An exclusive milk diet in time becomes monotonous and wearisome to most adults, and may produce dyspepsia, constipation, and interfere with the functional activity of the liver. Aside from nausea, which the continued use of milk may excite, a positive loathing for the taste of it may be developed, unless the regimen is modified by occasional variation. This is a matter of considerable importance in feeding patients suffering from typhoid fever, chronic Bright's disease, chronic gastric catarrh, and other affections for which milk diet is often prescribed; for if other substances are substituted from time to time in small amounts, while milk is still retained as the chief food, it may be continued as such for a much longer time. On seeking the cause for the disagreement of milk, it is found in the fact that it contains too large a proportion of nitrogenous material as compared with the hydrocarbons, so that, in order to obtain sufficient of the latter, an excess of proteid is ingested, which interferes with normal digestion.
For a man in health a pure milk diet, as Ewald says, is "slow starvation," although it is an excellent food for a short time. If kept too long upon it, he develops a condition akin to scurvy. (See Diet in Scurvy.) This, however, does not invariably follow in disease, and J. K. Mitchell refers to a patient with diabetes and nephritis who lived upon milk alone for seven years, and kept in active business.
Infants and children tire of milk less easily than adults. Whereas the adult needs twenty-three ounces of water-free food per diem to maintain healthful equilibrium, he must consume nine pints of milk at a specific gravity of 1.030 to supply it. The excess of albumin, fat, and water which he would then obtain is wasteful for him, although it is good for the young. But in illness life is comfortably maintained upon a smaller quantity for a few weeks, and in typhoid fever four or five pints is an ample allowance, and it is often better to give less. (See Diet in Typhoid Fever.) In a case of chronic Bright's disease, if the patient is not confined to bed, it may be necessary to give six or seven pints.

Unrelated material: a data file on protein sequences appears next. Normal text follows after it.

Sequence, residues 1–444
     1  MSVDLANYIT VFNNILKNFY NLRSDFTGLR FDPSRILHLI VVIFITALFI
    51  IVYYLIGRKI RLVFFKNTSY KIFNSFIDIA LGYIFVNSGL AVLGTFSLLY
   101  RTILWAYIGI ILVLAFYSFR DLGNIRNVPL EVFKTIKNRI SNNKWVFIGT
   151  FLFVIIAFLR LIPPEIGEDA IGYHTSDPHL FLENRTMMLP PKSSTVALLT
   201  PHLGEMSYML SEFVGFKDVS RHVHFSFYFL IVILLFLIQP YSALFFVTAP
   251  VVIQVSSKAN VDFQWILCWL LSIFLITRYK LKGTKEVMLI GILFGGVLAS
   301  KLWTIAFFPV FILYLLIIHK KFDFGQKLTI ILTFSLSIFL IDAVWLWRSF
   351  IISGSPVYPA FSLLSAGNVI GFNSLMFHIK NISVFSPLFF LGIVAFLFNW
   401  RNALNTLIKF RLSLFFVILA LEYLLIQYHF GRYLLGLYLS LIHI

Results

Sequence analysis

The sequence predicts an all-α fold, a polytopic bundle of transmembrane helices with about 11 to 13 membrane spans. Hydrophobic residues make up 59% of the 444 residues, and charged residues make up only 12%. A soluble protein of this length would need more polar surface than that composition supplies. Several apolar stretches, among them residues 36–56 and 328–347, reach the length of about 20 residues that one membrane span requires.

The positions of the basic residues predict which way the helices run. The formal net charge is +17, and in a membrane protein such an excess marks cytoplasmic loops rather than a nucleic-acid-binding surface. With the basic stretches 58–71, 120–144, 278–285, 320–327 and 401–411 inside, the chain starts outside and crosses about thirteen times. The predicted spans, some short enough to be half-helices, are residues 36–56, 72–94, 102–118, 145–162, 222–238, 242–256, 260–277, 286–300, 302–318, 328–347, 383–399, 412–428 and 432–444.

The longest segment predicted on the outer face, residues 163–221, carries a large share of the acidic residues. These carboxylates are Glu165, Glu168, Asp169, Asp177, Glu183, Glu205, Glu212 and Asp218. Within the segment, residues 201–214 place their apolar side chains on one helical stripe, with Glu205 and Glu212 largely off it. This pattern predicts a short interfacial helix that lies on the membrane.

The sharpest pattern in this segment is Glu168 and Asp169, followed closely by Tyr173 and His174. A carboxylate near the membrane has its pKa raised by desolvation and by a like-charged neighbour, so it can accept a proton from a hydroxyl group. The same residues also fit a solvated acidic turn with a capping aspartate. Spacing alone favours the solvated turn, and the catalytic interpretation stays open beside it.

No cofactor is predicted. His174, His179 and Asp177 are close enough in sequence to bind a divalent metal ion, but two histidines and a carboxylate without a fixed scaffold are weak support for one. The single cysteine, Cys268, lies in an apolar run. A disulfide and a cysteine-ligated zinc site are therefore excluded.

In order to digest large quantities of milk it must be taken in measured doses at frequent intervals. In typhoid fever, for example, from three to five ounces may be given every two hours. In some diseases it is best to give two ounces every hour, in others six or eight ounces every three hours.
Milk leaves no coarse waste residue in the intestine like the indigestible fibre of meat or the cellulose of vegetables and fruits. Notwithstanding this fact, an exclusive milk diet yields considerable bulk of fecal matter, and a typhoid-fever patient living on milk alone often has daily evacuations of medium size. Rübner found that in health a diet of milk alone yields larger stools than either roast beef or egg alone. Yet by weight the absorption of milk is shown to be very complete, and four thousand grammes of milk ingested by the mouth, when perfectly digested, yield but one hundred grammes of feces (Rübner). There is a marked loss through the feces of the salts of lime which have been contained in the milk. These facts explain in part why milk is so constipating.
Prof. Charles E. Wait, in the course of nutrition investigations of a club of students at the University of Tennessee (U. S. Department of Agriculture, Bulletin No. 53, 1898), says:
"The average of ten experiments with an exclusive milk diet showed 92.1 per cent of the protein and 86.3 per cent of the carbohydrates to be digested. Five experiments made with an exclusive bread diet or with bread and sugar showed 82 per cent of the protein and 99 per cent of the carbohydrates to be digested. Five experiments with a diet of bread and milk showed 97.1 per cent of the protein and 98.7 per cent of the carbohydrates to be digested. In other words, the protein in milk alone or in bread alone seems to be much less completely digested than when the two are eaten together".